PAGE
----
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Re: Enlightenment via avoiding the T-word
- From: Rick Jelliffe <firstname.lastname@example.org>
- To: email@example.com
- Date: Wed, 29 Aug 2001 21:25:10 +1000
From: "Francis Norton" <firstname.lastname@example.org>
> Rick Jelliffe wrote:
> > or, more likely, you have
> > <xsl:template match="x:name">
> > <xsl:if select="parent::x:person">
> It's not even that simple. x:person may be a local element. How far back
> up the tree do you need to go to get to an element whose name maps
> uniquely to a single content model? All the way, potentially. That's why
> I'd be interested in doing a meta-transform that reads in a schema and
> generates, not a schema validator, but an element-labeller that would
> mark up every element in a valid message with a unique type attribute.
This is the architectural forms route. xsi:type.
Another approach would be a tool that checks through scripts and,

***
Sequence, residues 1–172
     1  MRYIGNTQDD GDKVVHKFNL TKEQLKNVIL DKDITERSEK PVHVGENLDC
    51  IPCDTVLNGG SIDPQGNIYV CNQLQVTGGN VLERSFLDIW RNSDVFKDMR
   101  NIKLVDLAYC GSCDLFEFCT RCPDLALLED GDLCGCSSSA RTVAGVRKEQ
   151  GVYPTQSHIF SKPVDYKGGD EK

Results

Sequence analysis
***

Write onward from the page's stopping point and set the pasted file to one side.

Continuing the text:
when an element has a local type, flags or revises the code to ignore
the new type. Yuck..
> I've got one that will do some of this - but it can't handle redefines
> or anonymous complexTypes. I think I'm going to have to read the formal
> description for a handle on naming anonymous types. (It also goes
> blazingly fast because it uses modes - transforming a 2K message against
> a 600K labelling transform takes 1 ms in MSXSL on my laptop)
Does this include the timing for downloading the new schema, and transforming
it into your type annotator?
> > Push programming and pull programming are both common methods with XML.
> Yes, and given local types, push transforms can only be supported by
> having access to at least some subset of the PSVI. I think the approach
> above might hit the 20/80 point.
Which is to say that local types complicate push-processing and require unavailable
and uninvented technology.